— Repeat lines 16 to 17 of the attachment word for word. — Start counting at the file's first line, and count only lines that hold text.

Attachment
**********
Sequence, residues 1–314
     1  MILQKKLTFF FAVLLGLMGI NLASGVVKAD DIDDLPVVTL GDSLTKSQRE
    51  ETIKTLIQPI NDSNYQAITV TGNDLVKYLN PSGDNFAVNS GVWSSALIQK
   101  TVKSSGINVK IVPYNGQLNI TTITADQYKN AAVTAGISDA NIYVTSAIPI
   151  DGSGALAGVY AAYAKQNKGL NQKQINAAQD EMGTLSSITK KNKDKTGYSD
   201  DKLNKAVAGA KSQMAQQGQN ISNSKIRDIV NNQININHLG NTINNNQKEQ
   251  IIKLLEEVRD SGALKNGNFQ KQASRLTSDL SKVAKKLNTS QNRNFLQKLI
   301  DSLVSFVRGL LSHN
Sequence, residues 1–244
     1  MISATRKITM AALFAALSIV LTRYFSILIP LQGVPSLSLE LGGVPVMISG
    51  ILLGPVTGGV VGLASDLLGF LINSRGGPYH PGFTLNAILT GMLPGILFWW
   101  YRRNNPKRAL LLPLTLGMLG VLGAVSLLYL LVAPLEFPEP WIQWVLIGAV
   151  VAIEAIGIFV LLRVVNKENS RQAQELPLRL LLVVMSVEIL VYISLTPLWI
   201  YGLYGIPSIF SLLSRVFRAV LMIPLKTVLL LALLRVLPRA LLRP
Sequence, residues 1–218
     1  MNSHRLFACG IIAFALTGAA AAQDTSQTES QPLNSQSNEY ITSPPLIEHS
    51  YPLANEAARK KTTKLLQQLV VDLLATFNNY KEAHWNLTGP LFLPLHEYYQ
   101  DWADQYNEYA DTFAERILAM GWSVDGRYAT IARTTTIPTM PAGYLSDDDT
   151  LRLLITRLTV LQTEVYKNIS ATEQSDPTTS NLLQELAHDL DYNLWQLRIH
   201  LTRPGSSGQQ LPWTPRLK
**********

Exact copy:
     1  MNSHRLFACG IIAFALTGAA AAQDTSQTES QPLNSQSNEY ITSPPLIEHS
    51  YPLANEAARK KTTKLLQQLV VDLLATFNNY KEAHWNLTGP LFLPLHEYYQ